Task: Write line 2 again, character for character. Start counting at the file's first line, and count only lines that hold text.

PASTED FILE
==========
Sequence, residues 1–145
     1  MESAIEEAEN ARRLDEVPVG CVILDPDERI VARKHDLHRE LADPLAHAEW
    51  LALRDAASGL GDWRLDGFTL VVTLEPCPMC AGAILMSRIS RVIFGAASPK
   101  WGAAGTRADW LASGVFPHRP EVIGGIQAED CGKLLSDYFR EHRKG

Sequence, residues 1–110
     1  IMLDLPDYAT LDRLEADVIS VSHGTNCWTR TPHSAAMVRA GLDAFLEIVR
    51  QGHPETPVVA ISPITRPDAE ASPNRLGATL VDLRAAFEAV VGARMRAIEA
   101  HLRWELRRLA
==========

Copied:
     1  MESAIEEAEN ARRLDEVPVG CVILDPDERI VARKHDLHRE LADPLAHAEW